In the government’s March 2021 response to its 2020 consultation, “GMP indexation consultation: Proposal to extend full indexation”, the government called GMP indexation the “most practical solution” to the issue. The government had previously raised conversion as an option, and had tasked the Government Actuary’s Department to establish a possible methodology for GMP conversion. The conversion method mooted was based on a £1:£1 conversion, with GMPs converted into a regular scheme pension, which would be fully indexed.

However, the government ruled out conversion as a permanent solution in its March 2021 response, saying that, “before conversion could be undertaken, schemes would need to ensure that they have accurate reconciled data, along with a finalised methodology to convert those GMP benefits where conversion on a £1:£1 basis would not result in equalisation. This is likely to be resource intensive at a time when public service pension schemes do not have the capacity to undertake conversion until at least 2024.” By contrast, full indexation could of course be implemented by April 2021 since it was already in force on an interim basis.

In its March 2021 response, the government summarised the rationale for its decision that full GMP indexation was the preferable option. It said that the decision was reached in light of “capacity constraints” and “outstanding technical issues relating to conversion” as well as with regard to “legislative requirements; the diminishing numbers of members below SPa with a GMP” and the fact that “the majority of consultation respondents expressed a preference for the permanent extension of full indexation”.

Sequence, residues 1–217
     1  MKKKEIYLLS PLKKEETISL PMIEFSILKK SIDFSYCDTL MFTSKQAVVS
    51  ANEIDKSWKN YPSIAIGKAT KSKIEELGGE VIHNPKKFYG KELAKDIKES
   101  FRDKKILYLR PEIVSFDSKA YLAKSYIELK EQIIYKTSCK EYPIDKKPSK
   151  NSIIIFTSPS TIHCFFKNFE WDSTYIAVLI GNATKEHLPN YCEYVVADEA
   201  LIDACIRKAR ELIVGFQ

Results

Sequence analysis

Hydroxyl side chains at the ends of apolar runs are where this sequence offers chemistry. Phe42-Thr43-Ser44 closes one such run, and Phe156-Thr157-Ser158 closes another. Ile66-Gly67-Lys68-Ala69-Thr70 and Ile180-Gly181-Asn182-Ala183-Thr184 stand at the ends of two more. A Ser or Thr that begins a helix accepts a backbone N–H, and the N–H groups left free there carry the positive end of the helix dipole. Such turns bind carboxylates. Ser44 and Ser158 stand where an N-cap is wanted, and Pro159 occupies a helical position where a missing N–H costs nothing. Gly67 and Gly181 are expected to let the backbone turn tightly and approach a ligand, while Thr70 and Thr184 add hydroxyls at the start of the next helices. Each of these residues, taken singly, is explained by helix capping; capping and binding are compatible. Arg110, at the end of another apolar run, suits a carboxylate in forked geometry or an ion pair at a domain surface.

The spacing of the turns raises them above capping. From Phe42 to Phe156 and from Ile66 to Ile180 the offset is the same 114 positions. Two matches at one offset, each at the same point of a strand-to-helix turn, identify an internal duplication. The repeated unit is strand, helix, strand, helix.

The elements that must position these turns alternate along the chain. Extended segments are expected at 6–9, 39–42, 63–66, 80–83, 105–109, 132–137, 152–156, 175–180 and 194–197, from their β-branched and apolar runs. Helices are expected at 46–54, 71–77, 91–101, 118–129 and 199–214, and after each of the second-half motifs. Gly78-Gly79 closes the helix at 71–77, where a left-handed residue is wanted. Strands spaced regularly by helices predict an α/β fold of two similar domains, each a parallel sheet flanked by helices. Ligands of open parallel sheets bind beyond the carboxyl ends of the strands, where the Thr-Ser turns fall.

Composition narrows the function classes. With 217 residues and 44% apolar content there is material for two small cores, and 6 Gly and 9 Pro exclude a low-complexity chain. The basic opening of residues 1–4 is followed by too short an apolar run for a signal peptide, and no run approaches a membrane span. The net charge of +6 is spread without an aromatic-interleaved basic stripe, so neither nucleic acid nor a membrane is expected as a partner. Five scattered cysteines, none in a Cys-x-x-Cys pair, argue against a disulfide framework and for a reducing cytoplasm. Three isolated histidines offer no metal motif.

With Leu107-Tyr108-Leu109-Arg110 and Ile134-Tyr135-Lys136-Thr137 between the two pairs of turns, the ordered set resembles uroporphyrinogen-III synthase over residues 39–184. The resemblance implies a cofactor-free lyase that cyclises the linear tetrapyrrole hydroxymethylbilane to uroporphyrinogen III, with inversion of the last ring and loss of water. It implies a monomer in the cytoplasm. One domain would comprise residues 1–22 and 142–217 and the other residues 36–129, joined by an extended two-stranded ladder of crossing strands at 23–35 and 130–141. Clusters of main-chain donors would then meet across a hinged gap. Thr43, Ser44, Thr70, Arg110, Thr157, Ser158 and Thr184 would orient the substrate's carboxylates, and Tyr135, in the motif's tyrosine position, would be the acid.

The recent decision to make public service pension schemes permanently responsible for indexing GMPs provides clarity for pension schemes going forward, while also providing certainty to their members. While the changes primarily affect public sector pensions and the schemes of former state bodies, other schemes impacted include those which provide comparable schemes to comply with Fair Deal, where a public service was outsourced. Some members of such schemes will also benefit from the decision to protect the increases on GMPs, although the employer will have to bear any additional costs.

Some members with GMPs may be worse off in terms of their pension increases. However, the 2016 state pension reforms were complex and such losses could well be offset in other ways. For example, it may be possible for them to earn additional state pensions to replace the deduction they had from having had their pension contracted-out. After five years of rolling uncertainty, during which time interim solutions applied, at least the industry now has clarity as to the long term position. Such welcome certainty will enable the industry to plan for the future.

Read Kate and Max’s article in Actuarial Post.

The views in this article are intended for general information purposes only and should not be used as a substitute for professional advice. Arc Pensions Law and the author(s) are not responsible for any direct or indirect result arising from any reliance placed on content, including any loss, and exclude liability to the full extent. Always seek appropriate legal advice from a suitably qualified lawyer before taking, or avoiding taking, any action. If you have any questions on the points raised in the above, please do not hesitate to get in touch.